1. Clean and vacuum regularly to remove dust, dirt, and particulates that build up indoors; be sure to change vacuum filter bags or clean dirt cups often, to ensure that the dust and dirt doesn’t end up back in your home. I clean pretty regularly, dusting with a microfiber cloth and sweeping, but I could vacuum and mop more often.

2. Use the power of nature to help clean the air indoors – buy some plants! Plants remove chemical quickly from the air, and can actually thrive on substances that can be harmful to people. I recently bought a couple new plants for this purpose. One died already. The other–a spider plant, which is supposed to be one of the best plants for air quality–is doing great! Maybe I’ll get another one of those. Here’s a list of the top five plants for improving air quality.

3. Use materials that and furnishings that are non-toxic – including wall finishes, caulks, adhesives, upholstered furniture, and carpeting. I don’t have much control over these things since I rent an apartment, but I’m usually not bringing in any toxic materials. Furniture is a tough one because we do have particle board furniture, which may have formaldehyde in it, a highly toxic substance. Oh Ikea, why are you threatening our otherwise beautiful relationship?

4. Use natural cleaning products, which contain no volatile organic compounds or toxic chemicals. Check.

5. Invest in good HEPA air filters to help purify the air in your home, and be sure to change filters often. Don’t have an air filter, but it would be great to have one. The “investment” would be challenging right now, but maybe we can do it in the not too distant future.

6. Remove your shoes when you come indoors, and prevent a host of dirt, dust and other particles from spreading throughout. This winter we started doing this and will plan to continue. I also read that newspaper is great to use as a liner under shoes; it’s a good absorber and then can be recycled.

7. Never smoke indoors. Check.

8. Check air and furnace filters at least every two months, and replace or clean regularly. Again, as a renter, I’m not sure what to do about this one. The closest thing I think I can do is clean the vents well.

9. Encase your mattress and pillows to protect against dust mites. Our mattress has a good allergen protector cover on it. Since upgrading to a king-size bed and getting bigger pillows, we haven’t had protectors on them. I’ve had this on my list for awhile.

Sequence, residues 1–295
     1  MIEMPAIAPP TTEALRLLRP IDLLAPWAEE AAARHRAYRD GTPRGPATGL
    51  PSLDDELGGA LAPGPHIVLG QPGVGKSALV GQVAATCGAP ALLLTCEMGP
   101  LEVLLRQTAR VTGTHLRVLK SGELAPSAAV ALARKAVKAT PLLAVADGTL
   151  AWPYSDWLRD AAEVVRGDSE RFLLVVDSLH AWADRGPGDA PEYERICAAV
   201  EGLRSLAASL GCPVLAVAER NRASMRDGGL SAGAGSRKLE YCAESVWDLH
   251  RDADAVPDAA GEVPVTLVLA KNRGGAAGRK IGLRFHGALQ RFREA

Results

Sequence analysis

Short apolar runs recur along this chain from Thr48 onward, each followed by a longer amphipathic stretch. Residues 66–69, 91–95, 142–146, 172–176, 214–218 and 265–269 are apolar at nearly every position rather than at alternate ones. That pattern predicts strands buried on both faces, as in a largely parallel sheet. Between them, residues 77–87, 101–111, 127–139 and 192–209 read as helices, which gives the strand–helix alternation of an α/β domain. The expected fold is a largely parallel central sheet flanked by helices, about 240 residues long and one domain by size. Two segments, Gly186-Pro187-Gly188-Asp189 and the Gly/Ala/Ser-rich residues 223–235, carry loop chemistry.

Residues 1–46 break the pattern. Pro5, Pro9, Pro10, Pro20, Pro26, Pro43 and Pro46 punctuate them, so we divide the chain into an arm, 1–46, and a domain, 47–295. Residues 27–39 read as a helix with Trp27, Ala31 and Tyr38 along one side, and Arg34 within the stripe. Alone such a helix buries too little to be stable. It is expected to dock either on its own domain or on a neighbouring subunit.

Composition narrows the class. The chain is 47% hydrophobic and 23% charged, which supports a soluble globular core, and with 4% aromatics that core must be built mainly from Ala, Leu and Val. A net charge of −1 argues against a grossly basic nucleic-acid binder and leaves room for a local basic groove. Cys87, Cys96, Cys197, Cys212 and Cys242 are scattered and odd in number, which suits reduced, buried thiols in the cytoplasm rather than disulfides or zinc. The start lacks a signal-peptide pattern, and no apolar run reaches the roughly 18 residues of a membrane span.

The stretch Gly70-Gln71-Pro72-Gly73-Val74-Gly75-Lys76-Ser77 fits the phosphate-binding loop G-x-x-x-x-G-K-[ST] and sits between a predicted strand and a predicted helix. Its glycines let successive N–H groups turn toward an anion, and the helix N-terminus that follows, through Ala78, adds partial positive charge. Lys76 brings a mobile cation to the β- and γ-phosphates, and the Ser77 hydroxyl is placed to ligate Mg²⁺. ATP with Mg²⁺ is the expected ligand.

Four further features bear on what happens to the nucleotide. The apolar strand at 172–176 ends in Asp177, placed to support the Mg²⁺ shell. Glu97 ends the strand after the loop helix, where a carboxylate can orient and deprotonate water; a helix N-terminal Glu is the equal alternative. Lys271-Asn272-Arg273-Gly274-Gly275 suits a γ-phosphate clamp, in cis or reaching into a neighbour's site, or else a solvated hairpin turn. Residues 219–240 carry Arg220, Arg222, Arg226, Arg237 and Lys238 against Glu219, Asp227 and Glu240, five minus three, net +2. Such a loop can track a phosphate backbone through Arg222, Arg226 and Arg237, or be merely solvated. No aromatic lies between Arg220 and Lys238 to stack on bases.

10. Take steps to ensure that your home remains mold-free. We’re probably in good shape on this one, except I do need to do a better job of cleaning the vent in the bathroom, which tends to have mold show up on it.

I found another good list of ideas at Low Impact Living. Here are some additional ideas I found there:

–Open the windows!This is a really important one, especially in the winter, or during the worst heat of summer. Just opening the windows for 10 minutes can do the trick. I’ve been trying to do this, at least for a few minutes a few times a week. I turn off the heat while the windows are open.

–Don’t use chemical air fresheners. Most air fresheners sold at your local grocery or drug store are laden with chemicals.All I have to say to chemical air fresheners is: yuck!

honeycoopcandle –Be careful about candles. I’ve always been a big candle burner, so I was sad to learn about the dangers of candles. Paraffin wax and many types of scented candles have all kinds of toxic substances that go right into your home’s air. I’ve cut way down on burning candles overall, and I’ve also switched to soy or beeswax candles. They’re a little more expensive, but it’s worth it to not have the deceptively good-smelling air from conventional candles. Check out this article from Green America for more reasons to change your candle habits.You can probably find great candles made by local businesses, like I did with the Chicago Honey Co-op.